His records are blank from that point until 28 May 1916 when he was transferred from Weymouth camp to Salisbury where he spent time with the 4th Training Battalion prior to rejoining the 16th Battalion in France on 19 Aug 1916 as they move into position to attack Mouquet Farm. He was again hospitalised for a few days in Sep 1916, before suffering a bad case of Influenza on 30 Nov 1916 which necessitated him being evacuated to England on HMHS Newhaven from Calais on 15 Dec 1916. Admitted to the 1st Eastern General Hospital the same day, before being released to the Infantry Draft Depot No. 4 at Perham Downs on 27 Jan 1917. He returned to France via Folkestone and rejoined the 16th Battalion on 13 Feb 1917.

During the ill fated 1st Battle for Bullecourt on 11 Apr 1917, he was captured by the Germans. As a Prisoner of War he was held at Gef Lager Dietmen Company 54, Group 3, but escaped at his fourth attempt to Holland on 12 Nov 1918, and arrived back in the UK on 17 Nov 1918. As an escapee, he was awarded the Military Medal. On his return to Australia he was discharged by the 5th Military District on 2 May 1919.

Aubrey's Red Cross file contains an extract from a letter dated 16 May 1918 from him [1].

"Will you please let me know if anything can be done for Prisoners of War who are medically unfit for work. I am at present in a convalescent barrack of the camp suffering from haemorrhage of the lungs. I have been coughing up a great deal of blood lately and any little exertion on my part brings on the bleeding again. I have to take all my food cold and am often not able to get what is suitable for me. If nothing can be done in the way of internment or exchange will you please see if I can have some medicines sent out. I am not suffering any pain but am feeling weak from loss of blood."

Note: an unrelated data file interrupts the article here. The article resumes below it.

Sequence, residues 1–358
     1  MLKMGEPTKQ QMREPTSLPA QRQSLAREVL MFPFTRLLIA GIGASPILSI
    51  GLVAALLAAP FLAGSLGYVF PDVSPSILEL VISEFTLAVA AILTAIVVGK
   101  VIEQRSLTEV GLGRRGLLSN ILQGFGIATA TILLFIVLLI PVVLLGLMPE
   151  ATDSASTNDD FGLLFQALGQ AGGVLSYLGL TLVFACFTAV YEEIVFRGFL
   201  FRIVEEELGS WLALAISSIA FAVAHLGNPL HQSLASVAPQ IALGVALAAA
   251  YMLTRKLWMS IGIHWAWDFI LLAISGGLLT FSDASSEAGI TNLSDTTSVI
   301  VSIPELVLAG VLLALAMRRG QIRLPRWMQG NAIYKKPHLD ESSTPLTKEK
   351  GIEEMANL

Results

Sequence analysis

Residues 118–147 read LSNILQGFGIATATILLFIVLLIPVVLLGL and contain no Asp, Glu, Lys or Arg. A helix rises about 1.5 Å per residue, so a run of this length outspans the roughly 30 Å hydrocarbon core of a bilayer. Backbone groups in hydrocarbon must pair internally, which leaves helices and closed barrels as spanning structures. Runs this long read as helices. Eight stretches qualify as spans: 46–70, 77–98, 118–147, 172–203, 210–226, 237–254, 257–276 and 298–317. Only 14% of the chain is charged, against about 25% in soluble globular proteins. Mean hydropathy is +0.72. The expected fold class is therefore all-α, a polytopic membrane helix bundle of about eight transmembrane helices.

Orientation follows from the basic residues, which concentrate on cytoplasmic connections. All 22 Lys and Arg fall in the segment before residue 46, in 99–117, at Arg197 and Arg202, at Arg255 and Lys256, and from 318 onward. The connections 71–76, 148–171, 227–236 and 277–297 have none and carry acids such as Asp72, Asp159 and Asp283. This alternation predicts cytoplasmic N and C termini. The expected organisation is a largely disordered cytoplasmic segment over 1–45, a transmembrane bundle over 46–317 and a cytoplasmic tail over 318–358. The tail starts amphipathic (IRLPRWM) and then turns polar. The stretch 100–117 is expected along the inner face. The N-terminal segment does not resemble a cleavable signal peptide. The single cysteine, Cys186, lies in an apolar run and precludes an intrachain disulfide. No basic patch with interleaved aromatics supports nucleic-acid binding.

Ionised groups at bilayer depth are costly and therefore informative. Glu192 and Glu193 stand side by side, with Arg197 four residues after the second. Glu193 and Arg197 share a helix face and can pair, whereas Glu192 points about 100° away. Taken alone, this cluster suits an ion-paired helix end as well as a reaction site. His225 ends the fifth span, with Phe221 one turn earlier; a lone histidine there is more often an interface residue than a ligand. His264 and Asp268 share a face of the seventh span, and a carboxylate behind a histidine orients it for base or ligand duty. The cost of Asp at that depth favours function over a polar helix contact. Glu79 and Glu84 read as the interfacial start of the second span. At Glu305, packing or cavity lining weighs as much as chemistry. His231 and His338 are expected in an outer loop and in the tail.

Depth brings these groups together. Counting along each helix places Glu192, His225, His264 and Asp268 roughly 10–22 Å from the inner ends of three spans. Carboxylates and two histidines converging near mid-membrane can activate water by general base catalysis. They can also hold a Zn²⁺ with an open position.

Six weeks later he wrote to say that he was now feeling better and didn't need assistance. Another entry in the file notes that he is an escaped prisoner, having escaped to Holland, and arrived back in England on 17 Nov 1918, thus earning the Military Medal.

Award Comment

Military Medal

His Majesty the KING has been graciously pleased to approve the award of the Military Medal to the undermentioned in recognition of gallant conduct and determination displayed in escaping from captivity. No 400 Private A.J. Whittington, 16th Battalion A.I.F. [2][3]

Post War

In 1926 Aubrey married Florence Gray (born Brookton on 30 Nov 1906, died 26 May 1993) in Beverley.

Electoral Roll entries - 1925 in Brookton as a farm labourer, 1931 he is a farmer at 'Montauban' Bilbarin (north of Corrigin). 1963 sees them south of Corrigin at 'Maneroo' Bullaring, and in 1968 they have retired to 2 Nairn road, Applecross where Aubrey receives his Gallipoli Medallion. Both are listed as still at 2 Nairn road in 1980. Children Mavis, Enid, and Barry (1937 - 1996).


  1. "Australian Red Cross Wounded and Missing Files - Aubrey Jesse Whittington". Australian War Memorial. 2018. Retrieved 2 May 2018. 
  2. London Gazette No 32231 dated 11th February 1921, page 1362, position 1.
  3. Commonwealth of Australia Gazette No 53 of 16th June 1921, page 951, position 1.